The police called it a tragic accident, not a crime, and let the matter drop. But Clements couldn’t see it that way. “It was impossible for me to accept that my child had been killed in such a fashion and there was no response, no outrage other than my family’s,” she says. For months, she hounded the district attorney’s office, demanding action. A court finally gave the shooter a year’s probation.

That experience impelled her, and another woman who also felt the system wasn’t doing enough to punish lawbreakers, to found Justice for All. With the moral force of bereft family members and Clements’ tireless energy behind it, JFA evolved into a 4,000-member outfit. Though it remains an all-volunteer organization, it has the ear of many Texas prosecutors and politicians and has helped push through a range of laws that make life harder for criminals. State correctional officials hold the group in such respect that they renamed a prison after JFA’s other founder. Clements even got an admiring mention in George W. Bush’s autobiography, A Charge to Keep.

Ironically, JFA is an outgrowth of a movement that took root in the 1970s, when feminists began pushing for greater respect for victims of domestic abuse and rape, and harsher treatment for their attackers. A California woman whose daughter was killed in a car crash took this sort of advocacy to a new level in 1980 when she formed Mothers Against Drunk Driving, which quickly grew into a nationwide organization that played a key role in ratcheting up penalties for driving while intoxicated. Dozens of other crime victims’ advocacy groups have since sprung up all over the country.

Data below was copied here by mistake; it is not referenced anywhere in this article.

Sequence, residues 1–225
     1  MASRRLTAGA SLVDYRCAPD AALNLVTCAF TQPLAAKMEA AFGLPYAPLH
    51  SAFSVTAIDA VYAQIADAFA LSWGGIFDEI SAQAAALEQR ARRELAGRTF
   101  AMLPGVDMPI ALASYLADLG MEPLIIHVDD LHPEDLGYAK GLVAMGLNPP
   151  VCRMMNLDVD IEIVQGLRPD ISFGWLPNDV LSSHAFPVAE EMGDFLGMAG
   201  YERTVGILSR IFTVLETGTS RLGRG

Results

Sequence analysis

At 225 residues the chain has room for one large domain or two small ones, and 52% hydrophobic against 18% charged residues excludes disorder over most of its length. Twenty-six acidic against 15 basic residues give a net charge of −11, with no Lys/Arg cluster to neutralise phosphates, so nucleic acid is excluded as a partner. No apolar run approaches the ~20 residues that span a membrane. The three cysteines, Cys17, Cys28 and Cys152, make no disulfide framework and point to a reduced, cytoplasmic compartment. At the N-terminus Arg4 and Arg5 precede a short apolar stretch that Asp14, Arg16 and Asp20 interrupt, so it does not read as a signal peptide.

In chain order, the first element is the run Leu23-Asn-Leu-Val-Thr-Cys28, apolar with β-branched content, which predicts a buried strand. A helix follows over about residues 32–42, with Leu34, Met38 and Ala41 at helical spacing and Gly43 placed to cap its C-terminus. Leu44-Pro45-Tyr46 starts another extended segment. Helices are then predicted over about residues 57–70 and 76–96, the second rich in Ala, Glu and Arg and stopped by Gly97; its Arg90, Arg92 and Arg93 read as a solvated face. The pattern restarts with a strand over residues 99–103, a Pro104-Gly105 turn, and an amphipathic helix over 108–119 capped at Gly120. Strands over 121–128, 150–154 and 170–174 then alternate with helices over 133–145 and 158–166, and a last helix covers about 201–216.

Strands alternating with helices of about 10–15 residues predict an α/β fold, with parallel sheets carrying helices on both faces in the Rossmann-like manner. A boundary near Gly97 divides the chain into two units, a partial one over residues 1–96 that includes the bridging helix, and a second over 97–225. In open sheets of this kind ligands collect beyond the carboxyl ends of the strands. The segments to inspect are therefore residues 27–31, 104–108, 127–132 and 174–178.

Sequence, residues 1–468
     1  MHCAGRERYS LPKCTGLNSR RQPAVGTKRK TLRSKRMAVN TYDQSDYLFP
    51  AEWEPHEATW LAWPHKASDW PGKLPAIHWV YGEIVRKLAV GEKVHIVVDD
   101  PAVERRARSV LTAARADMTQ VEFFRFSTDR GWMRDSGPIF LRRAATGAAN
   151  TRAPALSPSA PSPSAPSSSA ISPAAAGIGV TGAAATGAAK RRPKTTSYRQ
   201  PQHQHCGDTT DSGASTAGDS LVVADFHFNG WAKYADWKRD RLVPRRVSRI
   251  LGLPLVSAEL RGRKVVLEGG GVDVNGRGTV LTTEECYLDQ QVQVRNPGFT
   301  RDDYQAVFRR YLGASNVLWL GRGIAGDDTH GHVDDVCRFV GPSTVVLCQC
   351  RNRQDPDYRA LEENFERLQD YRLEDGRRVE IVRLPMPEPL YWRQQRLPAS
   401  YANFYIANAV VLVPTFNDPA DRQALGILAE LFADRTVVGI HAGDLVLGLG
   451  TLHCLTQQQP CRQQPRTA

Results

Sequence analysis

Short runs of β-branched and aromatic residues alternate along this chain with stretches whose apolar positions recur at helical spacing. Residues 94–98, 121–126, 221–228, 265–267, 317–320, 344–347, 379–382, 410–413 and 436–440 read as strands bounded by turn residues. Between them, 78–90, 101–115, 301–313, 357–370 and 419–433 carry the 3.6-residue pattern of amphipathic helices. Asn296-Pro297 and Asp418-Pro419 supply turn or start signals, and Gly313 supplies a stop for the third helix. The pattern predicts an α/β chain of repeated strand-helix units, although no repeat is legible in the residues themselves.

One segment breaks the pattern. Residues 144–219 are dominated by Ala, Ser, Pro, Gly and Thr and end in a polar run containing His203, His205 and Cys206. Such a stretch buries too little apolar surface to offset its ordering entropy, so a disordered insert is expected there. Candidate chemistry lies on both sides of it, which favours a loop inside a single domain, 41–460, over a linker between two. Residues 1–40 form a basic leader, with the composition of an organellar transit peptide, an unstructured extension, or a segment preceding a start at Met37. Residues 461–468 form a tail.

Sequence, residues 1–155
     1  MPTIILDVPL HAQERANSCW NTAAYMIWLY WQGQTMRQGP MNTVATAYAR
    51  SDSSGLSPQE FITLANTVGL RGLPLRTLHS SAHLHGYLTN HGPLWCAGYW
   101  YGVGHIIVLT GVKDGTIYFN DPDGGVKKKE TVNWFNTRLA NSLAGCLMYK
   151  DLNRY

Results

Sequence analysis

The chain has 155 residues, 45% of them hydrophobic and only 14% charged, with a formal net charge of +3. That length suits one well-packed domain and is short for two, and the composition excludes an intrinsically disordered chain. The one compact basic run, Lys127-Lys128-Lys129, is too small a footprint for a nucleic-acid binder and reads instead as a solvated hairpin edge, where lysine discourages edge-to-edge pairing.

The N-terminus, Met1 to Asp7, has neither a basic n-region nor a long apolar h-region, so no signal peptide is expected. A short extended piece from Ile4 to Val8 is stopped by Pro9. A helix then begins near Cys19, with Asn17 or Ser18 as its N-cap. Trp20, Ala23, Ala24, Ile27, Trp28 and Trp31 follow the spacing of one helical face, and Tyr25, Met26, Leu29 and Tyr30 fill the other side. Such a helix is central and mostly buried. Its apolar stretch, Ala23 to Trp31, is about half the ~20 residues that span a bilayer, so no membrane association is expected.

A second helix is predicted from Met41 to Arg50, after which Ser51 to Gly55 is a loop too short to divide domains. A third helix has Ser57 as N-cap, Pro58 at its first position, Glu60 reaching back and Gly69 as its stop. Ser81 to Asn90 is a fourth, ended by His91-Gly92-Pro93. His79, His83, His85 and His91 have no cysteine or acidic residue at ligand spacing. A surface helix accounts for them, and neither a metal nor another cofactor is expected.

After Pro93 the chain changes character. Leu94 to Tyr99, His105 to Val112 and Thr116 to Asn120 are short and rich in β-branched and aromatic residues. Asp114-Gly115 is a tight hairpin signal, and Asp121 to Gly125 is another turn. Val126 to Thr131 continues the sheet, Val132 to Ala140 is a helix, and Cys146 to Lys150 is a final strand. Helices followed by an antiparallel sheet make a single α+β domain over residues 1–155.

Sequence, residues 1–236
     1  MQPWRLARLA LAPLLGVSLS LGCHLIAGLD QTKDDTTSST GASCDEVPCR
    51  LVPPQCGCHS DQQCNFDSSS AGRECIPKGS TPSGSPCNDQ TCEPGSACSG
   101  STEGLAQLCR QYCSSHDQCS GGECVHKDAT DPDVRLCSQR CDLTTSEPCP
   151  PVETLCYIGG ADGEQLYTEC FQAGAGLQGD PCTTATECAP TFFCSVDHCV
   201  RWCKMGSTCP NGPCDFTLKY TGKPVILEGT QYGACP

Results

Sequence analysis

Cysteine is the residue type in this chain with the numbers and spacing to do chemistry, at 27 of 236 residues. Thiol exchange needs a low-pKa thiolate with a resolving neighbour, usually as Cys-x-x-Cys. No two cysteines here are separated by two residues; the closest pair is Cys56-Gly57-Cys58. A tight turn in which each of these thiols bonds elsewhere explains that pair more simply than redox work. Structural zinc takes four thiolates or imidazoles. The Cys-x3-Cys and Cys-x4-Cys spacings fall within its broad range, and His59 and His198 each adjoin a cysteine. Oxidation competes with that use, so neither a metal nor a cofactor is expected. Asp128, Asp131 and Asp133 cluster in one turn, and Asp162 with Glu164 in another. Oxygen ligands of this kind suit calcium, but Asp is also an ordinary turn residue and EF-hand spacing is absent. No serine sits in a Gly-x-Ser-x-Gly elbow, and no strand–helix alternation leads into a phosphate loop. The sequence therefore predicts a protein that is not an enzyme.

These groups have had an enormous impact on courts, laws, and lawmakers. In many states and at the federal level, they have successfully lobbied for tougher sentences, harsher prison conditions, the registration of sex offenders, and the introduction of highly emotional “victim impact statements” in trials. California’s famously anti-death penalty Supreme Court Chief Justice Rose Bird lost her seat in the 1980s in large part thanks to the lobbying of one such group. Another group, Crime Victims United of California, helped pass the state’s “Three Strikes and You’re Out” initiative and more recently was in the headlines calling for the execution of Stanley “Tookie” Williams.

But no group has focused more intently or effectively on capital punishment than JFA. Its website exhaustively critiques capital punishment’s opponents. JFA organized demonstrations calling for the execution of Gary Graham, a Texas convict widely thought to be innocent who was put to death in 2000, and successfully helped pressure then-governor Rick Perry to veto a bill that would have banned the execution of mentally retarded people in 2001.

None of which makes JFA’s members extremists in Houston’s Harris County, whose juries hand down more death sentences than any other county in America. The city’s mayor has donated thousands of dollars to JFA, and his victims’ services coordinator works closely with the organization, as does the district attorney’s office. “Dianne has a wonderful, wonderful heart,” says Amy Smith, director of the Harris County district attorney’s victim witness program. “She’s a good person to have on your side.”

“Executions are not something to celebrate,” Clements says. “We should just respect the fact that this difficult process is working.” Meanwhile, the two mid-November executions went off as scheduled, bringing Texas’ total to 19 for the year. For Clements, this was satisfying news.